The amplified signal is demodulated by a peak detector diode and network 17 to derive the "clenching frequency", that is, the characteristic frequency of the upper and lower teeth coming together during bruxing as exemplified previously in the discussion relative to FIG. 1. For this example, the peak detector diode will recover a 1 Hz square wave that passes to the second amplifier 18 and feedback network 18A which has a passband to accommodate the "clenching frequency."
The signal from said second amplifier 18 then passes to a full-wave rectifier 19, thence to an electronic integrator 20. Said integrator 20 builds up to the trigger level of switch 21 when substantial bruxing occurs but discriminates against "transients" or stray signals.
Switch 21 has a trigger level and hysteresis determined by the values of a potentiometer 22, input resistance 23 and positive feedback resistance 24. Because of said hysteresis a threshold bruxing signal will result in switch 21 remaining closed for a finite period of time. The resultant signal then passes through n-p-n transistor 25 and activates alarm 14 for a sufficient period of time to alert the sleeping user that bruxing is occurring.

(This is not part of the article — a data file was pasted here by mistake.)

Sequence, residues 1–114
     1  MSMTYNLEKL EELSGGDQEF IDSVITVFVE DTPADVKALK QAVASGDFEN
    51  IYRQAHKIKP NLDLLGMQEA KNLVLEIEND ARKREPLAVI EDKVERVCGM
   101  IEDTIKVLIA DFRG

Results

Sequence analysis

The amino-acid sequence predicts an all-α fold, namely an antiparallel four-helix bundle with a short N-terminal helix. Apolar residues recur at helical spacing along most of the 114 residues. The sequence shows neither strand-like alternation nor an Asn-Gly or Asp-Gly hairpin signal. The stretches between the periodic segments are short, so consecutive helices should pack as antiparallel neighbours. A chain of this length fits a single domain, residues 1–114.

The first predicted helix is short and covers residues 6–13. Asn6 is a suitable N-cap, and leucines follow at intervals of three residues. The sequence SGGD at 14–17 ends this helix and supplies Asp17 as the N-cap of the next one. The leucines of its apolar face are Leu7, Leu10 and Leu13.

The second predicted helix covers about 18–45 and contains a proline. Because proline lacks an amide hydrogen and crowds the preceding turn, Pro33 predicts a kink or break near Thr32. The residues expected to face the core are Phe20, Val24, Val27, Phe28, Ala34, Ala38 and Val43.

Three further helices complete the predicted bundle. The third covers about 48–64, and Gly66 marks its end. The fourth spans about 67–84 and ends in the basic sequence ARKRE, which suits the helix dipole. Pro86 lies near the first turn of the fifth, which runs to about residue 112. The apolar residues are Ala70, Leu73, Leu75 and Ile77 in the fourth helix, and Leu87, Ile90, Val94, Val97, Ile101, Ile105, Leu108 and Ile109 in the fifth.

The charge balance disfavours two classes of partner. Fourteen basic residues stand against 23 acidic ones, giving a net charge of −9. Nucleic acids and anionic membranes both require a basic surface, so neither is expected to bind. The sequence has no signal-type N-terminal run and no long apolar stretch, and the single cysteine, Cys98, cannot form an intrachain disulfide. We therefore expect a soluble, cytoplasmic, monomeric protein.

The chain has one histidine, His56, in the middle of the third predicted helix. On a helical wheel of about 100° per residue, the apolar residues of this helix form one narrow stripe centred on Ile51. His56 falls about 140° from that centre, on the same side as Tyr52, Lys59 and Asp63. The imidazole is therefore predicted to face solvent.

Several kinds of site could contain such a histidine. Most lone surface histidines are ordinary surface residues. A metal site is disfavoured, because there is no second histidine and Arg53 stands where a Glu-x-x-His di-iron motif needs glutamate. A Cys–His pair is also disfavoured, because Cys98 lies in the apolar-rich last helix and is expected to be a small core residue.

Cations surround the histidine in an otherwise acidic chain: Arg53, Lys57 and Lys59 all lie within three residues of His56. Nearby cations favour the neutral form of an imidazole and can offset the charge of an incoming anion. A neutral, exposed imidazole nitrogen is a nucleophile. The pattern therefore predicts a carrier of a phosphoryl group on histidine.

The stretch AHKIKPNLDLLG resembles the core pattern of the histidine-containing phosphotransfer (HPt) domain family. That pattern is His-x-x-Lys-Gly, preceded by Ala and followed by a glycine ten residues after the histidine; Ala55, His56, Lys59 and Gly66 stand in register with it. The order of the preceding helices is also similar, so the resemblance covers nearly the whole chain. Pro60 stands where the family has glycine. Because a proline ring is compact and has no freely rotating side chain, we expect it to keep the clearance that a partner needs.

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|U.S. Classification||600/590, 73/582, 128/905, 340/573.1, 128/859|
|International Classification||A61B7/00, A61F5/56|
|Cooperative Classification||Y10S128/905, A61F5/566, A61F2005/563, A61B7/001|
|European Classification||A61B7/00B, A61F5/56B|
|Sep 13, 1994||REMI||Maintenance fee reminder mailed|
|Dec 16, 1994||FPAY||Fee payment|
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|Dec 16, 1994||SULP||Surcharge for late payment|
|Sep 1, 1998||REMI||Maintenance fee reminder mailed|
|Feb 4, 1999||FPAY||Fee payment|
Year of fee payment: 8
|Feb 4, 1999||SULP||Surcharge for late payment|
|Feb 4, 2003||FPAY||Fee payment|
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|Feb 4, 2003||SULP||Surcharge for late payment|
Year of fee payment: 11
|Apr 1, 2003||FP||Expired due to failure to pay maintenance fee|
Effective date: 20030205